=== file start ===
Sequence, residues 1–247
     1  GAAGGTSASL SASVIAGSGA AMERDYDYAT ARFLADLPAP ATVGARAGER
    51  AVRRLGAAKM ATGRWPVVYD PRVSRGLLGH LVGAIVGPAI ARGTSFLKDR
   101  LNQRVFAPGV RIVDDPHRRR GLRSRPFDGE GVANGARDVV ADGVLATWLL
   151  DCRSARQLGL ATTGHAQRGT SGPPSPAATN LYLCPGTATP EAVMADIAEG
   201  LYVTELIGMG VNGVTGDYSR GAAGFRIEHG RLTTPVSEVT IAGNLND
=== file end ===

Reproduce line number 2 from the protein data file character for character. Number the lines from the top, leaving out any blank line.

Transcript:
     1  GAAGGTSASL SASVIAGSGA AMERDYDYAT ARFLADLPAP ATVGARAGER